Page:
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The world's first human grade dry food. Available at select stores.
There are many factors to consider in choosing whether to move to a raw food diet for your dog. Different vets have different opinions, and online forums and other resources contain a mind-boggling amount of information and opinions on the merits and pitfalls of food choices.
Raw offers many benefits including fresh, non-processed foods that are rich in vitamins, enzymes and bio-nutrients. Traditional kibble is processed at very high temperatures, often exceeding 5000 F, and this can destroy many vital nutrients, particularly enzymes, proteins, and other essential nutrients such as anti-oxidants. As a consequence of the high temperature processing, all foods lose their naturally rich color and become dark brown.
By contrast, raw vegetables maintain colors of red, yellow, green and orange that are naturally full of vitamins. In addition, raw foods lack the preservatives commonly found in kibble including BHA and BHT, which could potentially lead to cancer if consumed in excess quantities.
From a physiological standpoint, dogs have a shorter gastrointestinal tract than their human counterparts. This means that a raw diet can pass through much more quickly, thus reducing the time in which any harmful bacteria could multiply. This allows pups to gain the benefit of raw enzymes present in raw meat, and excrete the bacteria before it reaches harmful levels. Choosing meat from reputable sources along with safe, proper handling and storage are also essential to risk reduction.
Raw food, however, is not without its own risks and counter benefits. Raw food is unprocessed, which means the meats and vegetables are in their whole form. Raw foods are much harder for the body to “break down” and digest than their cooked counterpart. This can be beneficial for building a strong digestive tract in a young or otherwise healthy pet, however, for certain pets this may present a considerable challenge.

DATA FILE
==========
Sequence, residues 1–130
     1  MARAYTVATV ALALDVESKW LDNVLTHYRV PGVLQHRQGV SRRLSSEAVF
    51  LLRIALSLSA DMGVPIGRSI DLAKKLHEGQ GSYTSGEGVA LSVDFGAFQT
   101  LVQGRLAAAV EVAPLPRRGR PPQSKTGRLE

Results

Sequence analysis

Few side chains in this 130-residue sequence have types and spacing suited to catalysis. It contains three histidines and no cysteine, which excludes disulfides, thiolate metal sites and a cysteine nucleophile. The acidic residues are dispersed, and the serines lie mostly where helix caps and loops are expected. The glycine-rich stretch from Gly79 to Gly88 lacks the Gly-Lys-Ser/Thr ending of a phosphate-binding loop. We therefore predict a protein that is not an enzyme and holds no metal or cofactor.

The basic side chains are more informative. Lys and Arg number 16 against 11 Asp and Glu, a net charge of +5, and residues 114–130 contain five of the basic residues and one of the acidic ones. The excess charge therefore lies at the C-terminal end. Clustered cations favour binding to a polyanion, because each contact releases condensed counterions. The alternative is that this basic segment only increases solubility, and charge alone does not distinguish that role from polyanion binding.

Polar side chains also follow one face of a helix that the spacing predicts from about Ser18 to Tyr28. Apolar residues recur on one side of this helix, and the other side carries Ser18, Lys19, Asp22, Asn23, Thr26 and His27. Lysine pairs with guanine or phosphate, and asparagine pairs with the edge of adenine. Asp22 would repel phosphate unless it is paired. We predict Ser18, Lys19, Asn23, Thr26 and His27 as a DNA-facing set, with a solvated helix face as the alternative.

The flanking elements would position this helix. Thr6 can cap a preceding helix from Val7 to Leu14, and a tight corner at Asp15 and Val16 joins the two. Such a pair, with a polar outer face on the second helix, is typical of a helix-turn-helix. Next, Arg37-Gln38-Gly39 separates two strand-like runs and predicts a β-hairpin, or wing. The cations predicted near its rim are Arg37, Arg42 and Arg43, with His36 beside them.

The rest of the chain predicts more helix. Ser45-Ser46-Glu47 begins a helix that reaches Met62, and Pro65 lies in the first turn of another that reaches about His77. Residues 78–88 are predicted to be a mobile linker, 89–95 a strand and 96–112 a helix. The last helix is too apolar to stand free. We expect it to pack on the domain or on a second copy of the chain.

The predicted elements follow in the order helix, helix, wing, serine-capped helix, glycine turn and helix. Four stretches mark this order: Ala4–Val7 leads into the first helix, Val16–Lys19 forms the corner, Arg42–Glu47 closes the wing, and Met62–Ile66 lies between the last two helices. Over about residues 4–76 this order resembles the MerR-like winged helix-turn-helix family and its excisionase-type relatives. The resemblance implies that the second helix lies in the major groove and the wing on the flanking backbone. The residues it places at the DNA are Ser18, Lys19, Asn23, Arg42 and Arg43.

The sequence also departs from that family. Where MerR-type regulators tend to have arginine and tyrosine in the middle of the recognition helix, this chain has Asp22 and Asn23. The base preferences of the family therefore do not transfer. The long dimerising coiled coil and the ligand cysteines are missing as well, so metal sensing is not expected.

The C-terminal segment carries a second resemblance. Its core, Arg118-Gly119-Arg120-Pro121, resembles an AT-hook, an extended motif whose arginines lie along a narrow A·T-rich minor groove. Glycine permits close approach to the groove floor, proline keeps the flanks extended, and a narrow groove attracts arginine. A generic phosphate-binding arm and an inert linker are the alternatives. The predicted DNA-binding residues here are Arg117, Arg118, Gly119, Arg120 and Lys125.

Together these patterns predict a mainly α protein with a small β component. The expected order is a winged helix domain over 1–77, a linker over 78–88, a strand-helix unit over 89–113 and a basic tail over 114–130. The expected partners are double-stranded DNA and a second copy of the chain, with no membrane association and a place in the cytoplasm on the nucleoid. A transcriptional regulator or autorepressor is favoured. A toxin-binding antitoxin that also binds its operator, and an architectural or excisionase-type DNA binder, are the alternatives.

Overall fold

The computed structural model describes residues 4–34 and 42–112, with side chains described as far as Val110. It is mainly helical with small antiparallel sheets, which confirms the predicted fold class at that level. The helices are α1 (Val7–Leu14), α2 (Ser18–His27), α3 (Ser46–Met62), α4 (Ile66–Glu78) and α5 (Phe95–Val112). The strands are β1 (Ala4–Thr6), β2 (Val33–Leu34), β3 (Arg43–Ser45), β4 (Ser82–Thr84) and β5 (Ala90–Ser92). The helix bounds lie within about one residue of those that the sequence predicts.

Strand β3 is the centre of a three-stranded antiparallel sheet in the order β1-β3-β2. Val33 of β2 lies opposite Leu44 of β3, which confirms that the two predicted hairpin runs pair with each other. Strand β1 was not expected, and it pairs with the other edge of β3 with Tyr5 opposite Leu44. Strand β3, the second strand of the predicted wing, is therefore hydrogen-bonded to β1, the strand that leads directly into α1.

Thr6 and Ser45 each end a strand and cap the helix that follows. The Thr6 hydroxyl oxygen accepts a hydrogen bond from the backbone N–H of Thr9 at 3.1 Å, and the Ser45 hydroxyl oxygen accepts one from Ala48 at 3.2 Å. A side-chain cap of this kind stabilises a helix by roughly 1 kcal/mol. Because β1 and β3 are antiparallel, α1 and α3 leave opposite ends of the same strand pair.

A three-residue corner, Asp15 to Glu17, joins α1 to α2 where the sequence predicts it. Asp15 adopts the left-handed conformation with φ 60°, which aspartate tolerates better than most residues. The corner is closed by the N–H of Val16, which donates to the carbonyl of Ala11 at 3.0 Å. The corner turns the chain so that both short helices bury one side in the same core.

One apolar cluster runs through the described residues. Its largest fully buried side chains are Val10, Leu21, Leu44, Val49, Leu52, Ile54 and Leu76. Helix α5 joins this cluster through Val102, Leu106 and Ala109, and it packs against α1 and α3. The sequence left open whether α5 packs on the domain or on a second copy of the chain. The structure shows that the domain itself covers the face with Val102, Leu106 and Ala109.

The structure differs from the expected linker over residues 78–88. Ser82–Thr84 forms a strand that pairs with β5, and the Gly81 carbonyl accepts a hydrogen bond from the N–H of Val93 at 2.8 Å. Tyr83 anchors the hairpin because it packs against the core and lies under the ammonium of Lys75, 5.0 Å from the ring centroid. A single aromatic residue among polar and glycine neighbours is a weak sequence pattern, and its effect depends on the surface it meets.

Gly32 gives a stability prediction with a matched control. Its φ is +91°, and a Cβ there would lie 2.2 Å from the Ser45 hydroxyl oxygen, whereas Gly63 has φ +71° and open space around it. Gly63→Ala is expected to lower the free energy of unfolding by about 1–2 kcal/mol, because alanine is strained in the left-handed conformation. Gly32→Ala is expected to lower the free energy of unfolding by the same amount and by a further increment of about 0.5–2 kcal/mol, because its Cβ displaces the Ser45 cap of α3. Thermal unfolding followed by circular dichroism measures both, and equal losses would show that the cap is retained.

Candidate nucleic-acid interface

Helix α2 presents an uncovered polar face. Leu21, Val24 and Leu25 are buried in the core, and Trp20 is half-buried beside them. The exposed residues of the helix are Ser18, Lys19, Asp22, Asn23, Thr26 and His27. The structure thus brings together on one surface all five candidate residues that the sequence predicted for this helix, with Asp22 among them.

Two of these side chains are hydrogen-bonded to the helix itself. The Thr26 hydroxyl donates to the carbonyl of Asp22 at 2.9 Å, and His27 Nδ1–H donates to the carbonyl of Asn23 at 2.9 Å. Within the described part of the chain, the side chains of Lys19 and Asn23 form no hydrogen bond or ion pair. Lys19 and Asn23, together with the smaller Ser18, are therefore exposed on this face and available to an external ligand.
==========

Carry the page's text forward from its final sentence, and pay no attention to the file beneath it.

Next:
Also, raw meats purchased at a grocery store are not intended to be fed raw and may contain dangerous bacteria such as Salmonella, E. coli and other pathogens that could pose serious health problems for certain pets. Particularly for older pets, immune-suppressed animals or pets with dental problems (for whom chewing raw foods can be painful), other options may be better.
Some raw diets contain whole bones. Avid raw feeders often include whole animals such as chickens or rabbits in their feeding protocols. There is a chance that bone shards can cause medical complications with this type of feeding. As raw food diets have gained popularity, the incidence of veterinary procedures to remove bones from the GI tract has also increased. When swallowed, whole, raw bones or bone shards can obstruct the intestines, cause constipation, lodge in the roof of the mouth and break the teeth in extreme cases. For this reason, a commercially prepared raw diet or an investment in a high-powered food grinder are wiser choices. NEVER feed your dog a cooked bone.
We do not recommend feeding raw to sick dogs or dogs with compromised immune systems. At the end of the day, you need to be comfortable and confident in feeding him fresh raw food (whether commercial or home prepared). But with a little research and a gradual transition, raw food can be a wonderful alternative for many dogs.
There are many great brands of complete raw diets: Small Batch and Primal are our office favorites. If you have your own supply of raw meat, or would like to use a unique protein such as venison, duck or rabbit, our base mixes are designed to be fed with raw (or cooked) meat.
Here are just a few ideas as far as what types of meats to consider adding to your dog’s diet. The following also contains information on food energetic, according to Traditional Chinese Medicine. Cooling meats can be helpful for dogs who show signs of ‘heat’ – such as skin allergies, hot spots or hyperactivity. Warming meats may help dog who show signs of ‘cold deficiencies’ – such as sluggishness or timidness.
Click here for contact information for Dr. Laurie S. Coger, DVM, CVCP who offers telephone consultations and can provide support to pet owners and answer raw feeding questions.